Growing up on Long Island, I’d say 80 percent of kids are both Mets and Jets fans.
The fan bases are centered there, the teams both used to play/practice closer to us than the Yankees and Giants, and there has always been a tortured fan base vibe to both teams.
Luckily for me, I escaped one misery and became a Yankees fan. But still, the Jets have given me enough misery for a lifetime.
To be a Mets/Jets fan is to know the ending of the movie long before the credits, and to expect disappointment and take comfort in it; losing for Mets/Jets fans is a security blanket you can always count on.
Which is why I’m thinking about people like my friends David K. and Scott S. today, lifelong Jets/Mets fans, who’ve experienced more sports fan suffering than any human should.
But today, their world is upside down. Look: The New York Mets are two wins away from the World Series, with dominant starting pitching and a pretty-good infielder (Daniel Murphy) who’s suddenly the greatest hitter in the history of baseball.
And my New York Jets, with another impressive win Sunday to move to 4-1, suddenly with a shot to go to Foxboro next week and prove they’re a first-place team in the AFC East.
It’s nuts. It’s impossible. It NEVER happens.
Only twice in the history of these two terrible teams have they both been good in the same calendar year: 1969, when the Jets won the Super Bowl and the Mets won their first championship, and 1986, when the Jets ran out to a 10-1 start and the Mets won their last World Series (The Jets collapsed that season, but still, for a few months were the best team in football).
And now, it’s happening again. Do you know how much losing these fan bases have endured? How many injuries and bad luck and coaching ineptitude they’ve seen (we’re looking at you, Rich Kotite and Jeff Torborg)?
And now, at least temporarily, there’s joy.
Up is down. Black is white. Pat Buchanan’s a liberal Democrat and Jesse Jackson has joined the Tea Party.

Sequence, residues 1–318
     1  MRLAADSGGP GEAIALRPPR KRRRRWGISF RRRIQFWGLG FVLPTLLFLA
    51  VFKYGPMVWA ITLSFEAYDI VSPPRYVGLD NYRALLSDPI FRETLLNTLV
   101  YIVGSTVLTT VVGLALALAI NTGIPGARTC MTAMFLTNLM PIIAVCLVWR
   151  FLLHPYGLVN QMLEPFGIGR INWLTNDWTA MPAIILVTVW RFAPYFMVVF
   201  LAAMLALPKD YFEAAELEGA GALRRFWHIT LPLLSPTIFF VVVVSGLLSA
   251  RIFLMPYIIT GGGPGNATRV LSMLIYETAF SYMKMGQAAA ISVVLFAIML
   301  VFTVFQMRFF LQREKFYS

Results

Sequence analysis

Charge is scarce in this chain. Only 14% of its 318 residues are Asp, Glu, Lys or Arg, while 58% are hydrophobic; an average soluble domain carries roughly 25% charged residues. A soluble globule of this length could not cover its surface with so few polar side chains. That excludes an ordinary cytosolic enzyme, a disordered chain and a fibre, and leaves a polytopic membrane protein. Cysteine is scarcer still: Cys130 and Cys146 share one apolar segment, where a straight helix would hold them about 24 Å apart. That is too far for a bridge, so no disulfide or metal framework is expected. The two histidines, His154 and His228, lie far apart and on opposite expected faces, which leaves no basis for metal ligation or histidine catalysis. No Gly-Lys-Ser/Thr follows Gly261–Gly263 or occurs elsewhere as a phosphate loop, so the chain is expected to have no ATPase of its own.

It’s a mad, mad world. And I know lots of people are enjoying the hell out of it.
**Next up today, I love Larry David like most Americans do, and I love me some Bernie Sanders, as you all know. So when I discovered on Sunday that America’s comedian curmudgeon had surprisingly played America’s political curmudgeon on “Saturday Night Live,” well, there was no way this wasn’t going on the blog today.
That it happened to be really funny was a bonus; Kate MacKinnon’s Hillary has really gotten almost as good as Amy Poehler’s was, and David’s rant about emails, and the pens at the bank, had me laughing out loud.
**Finally, I don’t talk much about college football on here because, quite frankly, I don’t follow it or care for it that much. College football is by far the most corrupt college sport (I know, my beloved college basketball can be a cesspool sometimes too, but it’s not in the same cheating league as football), and it’s never meant too much to me.
But two plays in the past few days blew me away, first for its athleticism and the second one for its shock value.
The first one (video above) was a type of catch I don’t think I’ve ever seen before. Stanford’s Francis Owusu on Thursday night made this incredible catch against UCLA, trapping the ball against the defender’s back to score a touchdown. The close-up replay starts at :35… I watched it five times and I still can’t believe he caught it that way.
The second one got way more attention, because it was on Saturday, and it was the final play of the Michigan-Michigan State game. If you haven’t seen it, it has to be seen to be believed. Michigan was up 23-21, with 10 seconds left, and was about to pull off a big upset in this huge rivalry.
All the Wolverines had to do was have punter Blake O’Neill punt the ball, anywhere and for any distance, and they’d win. But O’Neill dropped the snap, and well, this happened… I’ve never seen a game end like this. Absolutely soul-crushing for 100,000 UM fans in Ann Arbor.
The lede from the great Mitch Albom’s column in the Detroit Free Press Sunday:
Rub your eyes. Shake your head. Rub your eyes again. You will never see a play like that again and you will never see an end like that again and there may never be a game in this storied Michigan-Michigan State rivalry like that again, not one that ends more strangely or turns more fortunes than the final seconds of this chilled Saturday evening.